in the pure field of reality, where the conception and the act are one,
however misguided, how can we innocents do any wrong?
A moment of bodhi reality is primordially perfect and lacks any goal orientation or ulterior intent; it has no desire. It is free of all aspiration. It is uncontrolled and uncontrollable free-form display. Every moment of reality is the same in the ultimate sameness of luminous mind. The heart meaning is always the same. Since it is complete and perfect as it stands, there is nothing at all to do, and there never was anything to do, and thus activity is free-form display. All strenuous practice is rendered ineffective. Here, both impulse and its simultaneous actualization, and both immaculate subject and object, are the pure field of reality. In this milieu it is impossible to err, regardless of our naive beliefs and intractable habits. Nothing we fools can do can defile this pure space.
The pure-pleasure union of sentient behavior,
conceived by the deluded as a perverse path,
is identical to the pure modality of Samantabhadra:
whoever understands such sameness is buddha, lord of all.
Pure-pleasure union, sensory or sexual, whether as an integral part of human conduct or as a tantric path, is reviled as immoral or perverse by the ignorant. But the course of human behavior, from the beginning, is inseparable from Samantabhadra’s transmission as revealed above—freeform play. These two paths are actually one. The “lord” of past, present, and future, buddha is the realization that these apparently incompatible modes are identical.
All dualities, all dualistic structures, are spontaneously resolved in the ultimate sameness of Dzogchen. This includes the duality of the delusive path of gender union and the luminous mind modality where the vision and the act are one. The apparent duality of the gender principles of skillful means and insight united in pure pleasure is actually always a unity from the beginning, a primordial unity, pulled apart (in anuyoga) only in order to recognize it as a unity and always for the first time.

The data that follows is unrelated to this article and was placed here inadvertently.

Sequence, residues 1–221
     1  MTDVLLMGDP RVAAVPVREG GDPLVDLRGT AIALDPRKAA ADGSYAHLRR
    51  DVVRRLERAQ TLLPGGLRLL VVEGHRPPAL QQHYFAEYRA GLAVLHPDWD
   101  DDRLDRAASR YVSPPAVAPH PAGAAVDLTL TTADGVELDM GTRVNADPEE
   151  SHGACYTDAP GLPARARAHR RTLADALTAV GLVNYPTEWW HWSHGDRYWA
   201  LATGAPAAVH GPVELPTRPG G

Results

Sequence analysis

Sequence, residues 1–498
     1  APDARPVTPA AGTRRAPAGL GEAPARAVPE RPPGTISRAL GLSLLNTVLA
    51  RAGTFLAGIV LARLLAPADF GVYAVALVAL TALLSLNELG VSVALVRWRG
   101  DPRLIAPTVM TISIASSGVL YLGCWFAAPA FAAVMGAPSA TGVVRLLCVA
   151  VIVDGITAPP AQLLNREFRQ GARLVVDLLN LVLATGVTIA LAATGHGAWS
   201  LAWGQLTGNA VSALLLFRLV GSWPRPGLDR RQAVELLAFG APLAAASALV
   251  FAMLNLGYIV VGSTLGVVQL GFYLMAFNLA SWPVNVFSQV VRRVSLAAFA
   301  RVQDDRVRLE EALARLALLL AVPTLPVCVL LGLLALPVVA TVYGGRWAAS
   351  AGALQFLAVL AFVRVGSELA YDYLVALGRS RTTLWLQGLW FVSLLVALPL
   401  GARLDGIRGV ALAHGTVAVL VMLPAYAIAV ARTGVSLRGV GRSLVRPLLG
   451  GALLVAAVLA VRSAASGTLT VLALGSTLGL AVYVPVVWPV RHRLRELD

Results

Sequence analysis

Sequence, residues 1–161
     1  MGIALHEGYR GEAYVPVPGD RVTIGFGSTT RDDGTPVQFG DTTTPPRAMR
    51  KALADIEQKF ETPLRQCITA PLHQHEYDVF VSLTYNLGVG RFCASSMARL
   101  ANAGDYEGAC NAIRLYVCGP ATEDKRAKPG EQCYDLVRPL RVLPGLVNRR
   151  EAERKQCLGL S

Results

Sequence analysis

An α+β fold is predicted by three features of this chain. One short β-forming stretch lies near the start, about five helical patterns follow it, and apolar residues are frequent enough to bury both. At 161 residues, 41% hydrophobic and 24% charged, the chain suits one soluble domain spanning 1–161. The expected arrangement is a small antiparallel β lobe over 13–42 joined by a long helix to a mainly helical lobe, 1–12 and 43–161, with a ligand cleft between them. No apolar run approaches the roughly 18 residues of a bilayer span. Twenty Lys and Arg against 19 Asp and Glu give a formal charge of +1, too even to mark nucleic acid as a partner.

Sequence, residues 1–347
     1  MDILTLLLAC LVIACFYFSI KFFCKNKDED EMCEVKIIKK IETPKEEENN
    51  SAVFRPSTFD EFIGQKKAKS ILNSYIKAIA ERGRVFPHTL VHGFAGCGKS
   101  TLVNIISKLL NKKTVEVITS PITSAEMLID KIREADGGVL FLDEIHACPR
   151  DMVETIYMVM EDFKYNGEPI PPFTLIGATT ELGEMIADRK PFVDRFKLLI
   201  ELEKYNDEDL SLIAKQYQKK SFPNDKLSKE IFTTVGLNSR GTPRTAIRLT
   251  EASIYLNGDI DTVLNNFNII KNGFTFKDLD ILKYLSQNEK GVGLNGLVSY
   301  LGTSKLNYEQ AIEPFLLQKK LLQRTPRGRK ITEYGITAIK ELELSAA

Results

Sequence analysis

On the delusive, extremist path, thinking, “I” and “mine,”
deluded innocents enter a structured path of Dharma practice
with no chance to realize that it leads nowhere:
How can reality ever be found by seeking?
The teacher who talks in terms of “I” and “mine” implies the existence of a substantial self—or soul—in others who therefore must strive to gain and hold something that they lack. This conventional way of thinking is called “extremist” because of its lack of a sense of middle way where the “I” is deconstructed and the notion of possession becomes a fallacy. Such a teacher draws his students into a conceptual, progressive, goal-oriented dharma practice, where there is a presumption that the graduated path has an attainable goal and that realization can be obtained through analysis and where there is no possibility of spontaneous realization. The path of ritual performance and religious practice has no end. In the great perfection there is no path—only the timeless modality of momentary unfoldment. Thus the nature of reality cannot be found by seeking; it is already present. The mind cannot objectify its own nature, so reality cannot be found by searching for it. Seeking it would be like a dog chasing its own tail.
The instruction of monkey-like masters who lack direct insight
is fraught with false concepts of preparation and technique;
so the master who cleans the tarnish from pure gold,
the authentic teacher, the most precious resource,
he is worth a ransom of any vast price.
Like a monkey who mimics without understanding is the teacher who gives precept and transmission without the valid basis of understanding that is direct insight into the nature of mind. Such teaching induces in the mind of the disciple a conceptual notion of the path, a specific starting point and a goal involving preparation, supports, and technique. The master who sees the nature of mind has eradicated any implication of a conditioned path. This is likened to removing any fine film of tarnish from pure gold through the application of black alum—a traditional practice. No refinement, like separating the dross from pure gold, is necessary. The teacher’s transmission of this pathless path is worth to his students whatever price must be paid. In early times the student proved his commitment by offering gold to the master.
How to cite this document:
© Keith Dowman, Original Perfection (Wisdom Publications, 2013)